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Divisional Commander

The Divisional Commander for Tayside Division is Chief Superintendent Andrew Todd.

Tayside Division have now implemented a new operating model which has been months in the planning. The new operating model is based on a locality policing model which means existing Local Policing Area (LPA) boundaries are maintained but each LPA is sub-divided into localities which broadly mirror similar re-structuring work being carried out by the three local authorities.

Each locality will be led by an Inspector reporting to their respective LPA commanders who are Chief Inspector David McIntosh in Dundee, Chief Inspector Wayne Morrison in Angus and Chief Inspector Ian Scott in Perth & Kinross. These LPA commanders will have responsibility for all day-to-day policing functions in their areas.

Why did we need to change?

As a Division, we have listened to feedback we have received over the last two years from our own staff, the public and our key partners. Police Scotland supports Tayside and other Divisions in terms of identifying how best to police their local communities with the resources we have available. It is worth highlighting that there has been no change to the total number of officers in the Division as a result of these particular changes. We want community policing to be more effective, delivered locally by officers that both communities and partners know and recognise. We have already received positive feedback about the Dundee City Centre policing team which is part of our new policing model for the Division.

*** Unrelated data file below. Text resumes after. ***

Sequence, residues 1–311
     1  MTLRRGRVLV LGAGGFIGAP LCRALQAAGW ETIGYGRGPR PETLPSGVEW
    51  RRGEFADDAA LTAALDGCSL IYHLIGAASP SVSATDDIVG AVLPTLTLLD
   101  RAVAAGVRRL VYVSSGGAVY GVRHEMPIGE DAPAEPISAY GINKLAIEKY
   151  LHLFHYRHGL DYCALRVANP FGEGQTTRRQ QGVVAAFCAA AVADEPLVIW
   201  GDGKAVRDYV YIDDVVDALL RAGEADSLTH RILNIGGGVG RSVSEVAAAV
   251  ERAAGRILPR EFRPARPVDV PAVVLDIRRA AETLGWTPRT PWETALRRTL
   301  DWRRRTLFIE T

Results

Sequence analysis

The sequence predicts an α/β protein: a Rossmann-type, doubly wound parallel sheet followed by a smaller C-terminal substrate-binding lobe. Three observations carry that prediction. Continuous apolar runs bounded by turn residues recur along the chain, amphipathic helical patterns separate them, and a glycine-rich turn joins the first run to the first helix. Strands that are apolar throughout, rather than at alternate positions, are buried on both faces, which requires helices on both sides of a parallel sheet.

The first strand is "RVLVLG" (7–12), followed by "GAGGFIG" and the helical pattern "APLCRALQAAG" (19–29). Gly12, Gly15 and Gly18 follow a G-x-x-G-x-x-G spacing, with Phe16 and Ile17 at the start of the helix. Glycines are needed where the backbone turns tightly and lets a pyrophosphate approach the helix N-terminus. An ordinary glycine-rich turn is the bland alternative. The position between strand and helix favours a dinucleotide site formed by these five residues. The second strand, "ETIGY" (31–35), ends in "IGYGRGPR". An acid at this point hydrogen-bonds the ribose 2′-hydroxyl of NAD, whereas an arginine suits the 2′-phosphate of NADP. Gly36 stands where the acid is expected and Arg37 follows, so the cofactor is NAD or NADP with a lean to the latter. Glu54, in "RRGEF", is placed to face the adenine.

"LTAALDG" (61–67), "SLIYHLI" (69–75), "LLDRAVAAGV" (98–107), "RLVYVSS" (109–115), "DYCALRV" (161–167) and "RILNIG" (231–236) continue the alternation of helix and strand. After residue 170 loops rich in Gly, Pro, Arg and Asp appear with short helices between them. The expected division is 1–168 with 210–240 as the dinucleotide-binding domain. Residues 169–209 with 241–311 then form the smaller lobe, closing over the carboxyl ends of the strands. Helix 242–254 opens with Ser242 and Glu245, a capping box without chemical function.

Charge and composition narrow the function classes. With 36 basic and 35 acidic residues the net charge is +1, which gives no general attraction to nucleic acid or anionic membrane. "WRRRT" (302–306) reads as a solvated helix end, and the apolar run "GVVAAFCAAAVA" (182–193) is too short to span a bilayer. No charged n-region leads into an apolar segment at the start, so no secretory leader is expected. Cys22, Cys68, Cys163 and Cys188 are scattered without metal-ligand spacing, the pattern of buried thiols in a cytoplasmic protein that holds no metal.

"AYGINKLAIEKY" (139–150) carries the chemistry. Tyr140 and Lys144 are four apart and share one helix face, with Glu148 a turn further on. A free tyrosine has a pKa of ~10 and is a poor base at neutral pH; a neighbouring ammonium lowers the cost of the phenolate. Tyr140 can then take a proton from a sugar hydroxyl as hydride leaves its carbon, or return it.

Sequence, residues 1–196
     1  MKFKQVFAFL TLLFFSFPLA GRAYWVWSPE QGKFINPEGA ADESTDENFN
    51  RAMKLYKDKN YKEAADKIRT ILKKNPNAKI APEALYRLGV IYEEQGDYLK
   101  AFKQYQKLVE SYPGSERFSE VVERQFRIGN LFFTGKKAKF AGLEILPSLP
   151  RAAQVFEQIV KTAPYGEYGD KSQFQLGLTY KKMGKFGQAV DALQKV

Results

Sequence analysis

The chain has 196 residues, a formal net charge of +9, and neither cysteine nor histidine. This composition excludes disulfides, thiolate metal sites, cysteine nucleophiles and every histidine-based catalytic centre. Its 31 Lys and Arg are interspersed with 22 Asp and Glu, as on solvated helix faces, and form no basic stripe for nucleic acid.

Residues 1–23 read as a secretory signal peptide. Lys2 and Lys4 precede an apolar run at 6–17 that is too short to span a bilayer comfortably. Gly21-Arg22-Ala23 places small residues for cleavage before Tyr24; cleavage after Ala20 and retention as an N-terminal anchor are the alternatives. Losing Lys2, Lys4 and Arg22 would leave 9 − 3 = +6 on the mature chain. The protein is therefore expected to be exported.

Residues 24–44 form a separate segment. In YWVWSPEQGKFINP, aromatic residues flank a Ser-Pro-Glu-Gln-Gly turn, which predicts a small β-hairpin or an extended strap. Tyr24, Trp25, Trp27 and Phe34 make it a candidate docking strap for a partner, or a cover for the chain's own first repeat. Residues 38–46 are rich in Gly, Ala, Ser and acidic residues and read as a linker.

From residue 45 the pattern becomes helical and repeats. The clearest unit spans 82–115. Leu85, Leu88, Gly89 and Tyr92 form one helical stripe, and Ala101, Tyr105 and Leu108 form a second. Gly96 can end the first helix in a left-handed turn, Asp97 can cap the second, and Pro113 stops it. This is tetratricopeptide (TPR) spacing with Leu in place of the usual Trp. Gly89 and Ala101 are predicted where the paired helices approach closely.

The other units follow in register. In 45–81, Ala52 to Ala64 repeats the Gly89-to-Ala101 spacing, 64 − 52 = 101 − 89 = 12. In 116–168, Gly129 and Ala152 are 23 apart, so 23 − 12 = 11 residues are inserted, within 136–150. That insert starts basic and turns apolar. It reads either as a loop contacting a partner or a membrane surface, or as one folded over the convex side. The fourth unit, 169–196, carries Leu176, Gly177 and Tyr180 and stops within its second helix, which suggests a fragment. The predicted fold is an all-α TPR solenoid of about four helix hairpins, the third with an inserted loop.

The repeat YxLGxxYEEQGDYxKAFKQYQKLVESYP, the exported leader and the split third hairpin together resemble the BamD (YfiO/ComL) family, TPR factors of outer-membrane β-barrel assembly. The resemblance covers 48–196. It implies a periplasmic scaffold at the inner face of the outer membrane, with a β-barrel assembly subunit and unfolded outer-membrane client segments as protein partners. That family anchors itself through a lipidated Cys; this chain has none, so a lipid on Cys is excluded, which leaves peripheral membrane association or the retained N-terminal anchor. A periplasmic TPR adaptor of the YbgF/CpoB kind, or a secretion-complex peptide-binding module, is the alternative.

The Chief Constable believes localism is key to providing meaningful policing to the diverse communities across Scotland. Local policing Divisions across Scotland have been given much greater autonomy to determine how best to deliver policing in their local areas. We believe that our new Locality model will set us up well for the foreseeable future, not only with our key partners and local communities but also in terms of community empowerment legislation.

How will this new model be better?

Each locality will have its own Inspector and that brings management and understanding of policing issues to a much more local level. By changing the way community Sergeants and Constables are tasked and deployed, they will have much more time dedicated to dealing with local community issues and getting to know their communities.

They will be much better aligned with geographic areas so they will develop far closer links with communities. Our communities have told us that they believe we have lost elements of this kind of community policing so we want to return to it. People tell us they want to know their local community officers and know how to contact them. We understand people need this trust and confidence and we will all benefit from that.

The model is also about the future. Community Empowerment legislation will affect how we and our key partners work together to deliver joint outcomes for local communities and our new model will fit much better with how our partners are re-structuring for the future. We have taken a number of elements which we know have worked before and created a model which we consider makes best use of our available resources and is right for Tayside communities, both now and for the foreseeable future.

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